Tuesday, October 9, 2012

In Xanadu did Kubla Khan



     I am certain that mention of De Quincey or Grasmere produces anguish and yawning in more than a few.   I am also aware that perhaps only to my mind does the turn of the Eighteenth Century into the Nineteenth Century better reflect the conundrum facing the current generations.  As well, I realize how incredibly incoherent I can begin to sound while contained within the rhapsody of words.  This is no "Host of Daffodil." And for certain I am not "lonely as a cloud." And "Kubla Khan" in his "Xanadu" can kiss my arse.  Consider it a familiar ailment, if you wish to, but surely it's possible to take some joy from De Quincey's expression "stomach and its attachments."  It makes me look downward and think of the creature that dominates the rest of me. A moment or two that turns me tedious, and thank goodness I have one external origin I can point to.  And no need for me to invent this demon's most recent name because it's shining like the wind from Troy "that cast Ulysses... upon the coast of the Cicons," and it's called, "Direct Deposit."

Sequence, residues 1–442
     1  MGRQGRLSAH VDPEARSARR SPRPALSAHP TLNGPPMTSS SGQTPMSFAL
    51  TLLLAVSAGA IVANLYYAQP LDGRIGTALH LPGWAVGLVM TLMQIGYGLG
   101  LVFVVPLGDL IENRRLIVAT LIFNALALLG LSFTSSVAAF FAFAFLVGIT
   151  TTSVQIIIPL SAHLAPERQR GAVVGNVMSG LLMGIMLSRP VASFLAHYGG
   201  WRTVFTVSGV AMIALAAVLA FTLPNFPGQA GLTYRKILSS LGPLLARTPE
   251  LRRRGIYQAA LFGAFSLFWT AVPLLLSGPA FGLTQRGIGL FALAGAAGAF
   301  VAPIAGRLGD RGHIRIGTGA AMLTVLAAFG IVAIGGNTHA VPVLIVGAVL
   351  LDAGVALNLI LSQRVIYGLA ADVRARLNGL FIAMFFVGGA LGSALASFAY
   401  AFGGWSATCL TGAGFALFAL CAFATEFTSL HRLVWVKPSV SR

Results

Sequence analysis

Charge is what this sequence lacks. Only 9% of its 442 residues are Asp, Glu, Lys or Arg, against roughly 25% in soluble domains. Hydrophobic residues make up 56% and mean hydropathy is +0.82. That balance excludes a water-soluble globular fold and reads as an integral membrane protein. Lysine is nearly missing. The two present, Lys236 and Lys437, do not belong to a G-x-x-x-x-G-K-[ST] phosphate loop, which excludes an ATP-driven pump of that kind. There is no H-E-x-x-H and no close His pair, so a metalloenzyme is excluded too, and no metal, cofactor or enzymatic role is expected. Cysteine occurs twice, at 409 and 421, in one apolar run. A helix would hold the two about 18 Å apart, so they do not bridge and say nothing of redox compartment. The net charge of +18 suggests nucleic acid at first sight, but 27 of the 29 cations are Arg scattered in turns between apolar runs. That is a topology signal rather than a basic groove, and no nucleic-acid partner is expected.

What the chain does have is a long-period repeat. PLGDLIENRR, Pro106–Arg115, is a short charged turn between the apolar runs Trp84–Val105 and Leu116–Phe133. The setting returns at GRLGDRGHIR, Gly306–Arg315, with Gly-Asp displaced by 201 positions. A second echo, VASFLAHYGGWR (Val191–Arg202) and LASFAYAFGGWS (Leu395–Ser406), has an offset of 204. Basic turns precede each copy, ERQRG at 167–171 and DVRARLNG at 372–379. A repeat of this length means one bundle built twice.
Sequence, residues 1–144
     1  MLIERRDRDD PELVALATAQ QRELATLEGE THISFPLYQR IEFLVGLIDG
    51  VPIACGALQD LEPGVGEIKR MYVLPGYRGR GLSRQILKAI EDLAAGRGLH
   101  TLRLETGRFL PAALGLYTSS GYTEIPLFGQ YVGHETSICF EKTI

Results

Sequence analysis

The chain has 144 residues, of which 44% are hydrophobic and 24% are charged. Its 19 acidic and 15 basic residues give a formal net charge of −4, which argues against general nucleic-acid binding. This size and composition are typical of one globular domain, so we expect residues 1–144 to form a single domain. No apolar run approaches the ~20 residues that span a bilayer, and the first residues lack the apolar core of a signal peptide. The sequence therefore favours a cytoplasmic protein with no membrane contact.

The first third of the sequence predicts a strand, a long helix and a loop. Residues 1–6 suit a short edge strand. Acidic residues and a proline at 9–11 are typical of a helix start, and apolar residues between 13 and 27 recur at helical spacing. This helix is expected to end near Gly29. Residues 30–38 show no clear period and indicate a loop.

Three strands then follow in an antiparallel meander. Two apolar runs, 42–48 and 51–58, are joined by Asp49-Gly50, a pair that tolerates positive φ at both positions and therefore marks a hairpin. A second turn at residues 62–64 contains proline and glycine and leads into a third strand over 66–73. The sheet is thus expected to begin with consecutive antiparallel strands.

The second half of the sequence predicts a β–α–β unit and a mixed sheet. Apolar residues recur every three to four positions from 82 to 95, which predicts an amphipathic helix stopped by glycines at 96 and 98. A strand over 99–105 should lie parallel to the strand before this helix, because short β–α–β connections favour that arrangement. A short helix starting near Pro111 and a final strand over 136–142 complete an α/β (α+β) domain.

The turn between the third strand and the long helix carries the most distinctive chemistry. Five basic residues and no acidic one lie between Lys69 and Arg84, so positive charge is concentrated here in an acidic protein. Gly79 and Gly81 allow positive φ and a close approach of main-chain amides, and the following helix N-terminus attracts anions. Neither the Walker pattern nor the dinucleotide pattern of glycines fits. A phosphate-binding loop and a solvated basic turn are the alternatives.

The idea of it produces this question from me for De Quincey and Grasmere in general, "In your day did factory workers get paid at the end of their work in cash money or did they have to go through the ordeal of filling out a form so that an invisible coin might be transfered into an invisible vault."   I'd reckon, De Quincey at least, would enter a note or two on the origin of coin as a means of exchange, and see "direct deposit" as an aspect of  progress, and by so doing he'd further dismiss the exchange of mere labor as deserving of any intimacy, or comradeship, or brotherhood or any such emotional "attachment" no matter the stomach's location, which in my case is somewhere in Seattle, or was, but which might just as well be on the other side of the moon.  As well De Quincey was a man who believed in the authority of a ruling class, so his instinct would be to think "what business is it of yours to decide how your betters reward you."   Which makes a person wonder where Xanadu might be, and which is why the leap year of 1812 is increasingly a better reflection of the leap year of 2012. 


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